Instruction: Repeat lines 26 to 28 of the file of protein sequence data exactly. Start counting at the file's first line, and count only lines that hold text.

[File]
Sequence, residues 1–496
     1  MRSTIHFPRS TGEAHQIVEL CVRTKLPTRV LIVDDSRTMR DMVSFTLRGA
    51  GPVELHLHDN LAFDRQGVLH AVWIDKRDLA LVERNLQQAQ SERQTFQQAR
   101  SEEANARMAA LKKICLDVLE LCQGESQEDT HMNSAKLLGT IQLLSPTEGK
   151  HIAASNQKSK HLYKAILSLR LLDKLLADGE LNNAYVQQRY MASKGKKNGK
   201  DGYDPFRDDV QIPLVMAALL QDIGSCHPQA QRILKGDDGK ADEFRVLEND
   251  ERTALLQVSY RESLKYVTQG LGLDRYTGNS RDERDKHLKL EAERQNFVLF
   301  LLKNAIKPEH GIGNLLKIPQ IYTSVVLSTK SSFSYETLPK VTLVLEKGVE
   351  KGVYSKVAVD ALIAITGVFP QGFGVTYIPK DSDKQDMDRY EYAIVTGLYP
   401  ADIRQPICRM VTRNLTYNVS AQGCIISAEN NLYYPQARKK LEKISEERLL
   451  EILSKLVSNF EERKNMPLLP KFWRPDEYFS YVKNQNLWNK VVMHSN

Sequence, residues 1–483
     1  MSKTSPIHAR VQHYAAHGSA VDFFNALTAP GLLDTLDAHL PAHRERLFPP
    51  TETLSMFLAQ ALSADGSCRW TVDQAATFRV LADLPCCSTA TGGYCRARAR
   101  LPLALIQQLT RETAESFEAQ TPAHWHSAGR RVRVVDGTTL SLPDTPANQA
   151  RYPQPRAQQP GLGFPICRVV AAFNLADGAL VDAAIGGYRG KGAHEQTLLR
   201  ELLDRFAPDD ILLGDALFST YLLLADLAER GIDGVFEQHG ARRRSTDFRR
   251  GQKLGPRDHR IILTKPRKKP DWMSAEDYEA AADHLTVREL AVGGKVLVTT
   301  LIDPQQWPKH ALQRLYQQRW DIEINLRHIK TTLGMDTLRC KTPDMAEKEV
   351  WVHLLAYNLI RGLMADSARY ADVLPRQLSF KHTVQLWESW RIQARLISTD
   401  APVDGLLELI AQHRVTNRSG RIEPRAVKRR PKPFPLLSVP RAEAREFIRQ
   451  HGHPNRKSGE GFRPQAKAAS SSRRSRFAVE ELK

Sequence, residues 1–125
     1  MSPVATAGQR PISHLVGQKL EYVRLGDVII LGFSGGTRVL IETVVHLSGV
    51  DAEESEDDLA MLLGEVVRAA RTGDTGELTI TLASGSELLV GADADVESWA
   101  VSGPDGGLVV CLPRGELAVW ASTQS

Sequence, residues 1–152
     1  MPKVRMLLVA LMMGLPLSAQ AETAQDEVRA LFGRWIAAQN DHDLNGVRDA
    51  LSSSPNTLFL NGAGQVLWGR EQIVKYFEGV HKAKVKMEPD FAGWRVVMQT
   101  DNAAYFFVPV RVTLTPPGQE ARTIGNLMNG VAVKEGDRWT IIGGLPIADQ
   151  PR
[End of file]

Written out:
   101  VSGPDGGLVV CLPRGELAVW ASTQS

Sequence, residues 1–152
     1  MPKVRMLLVA LMMGLPLSAQ AETAQDEVRA LFGRWIAAQN DHDLNGVRDA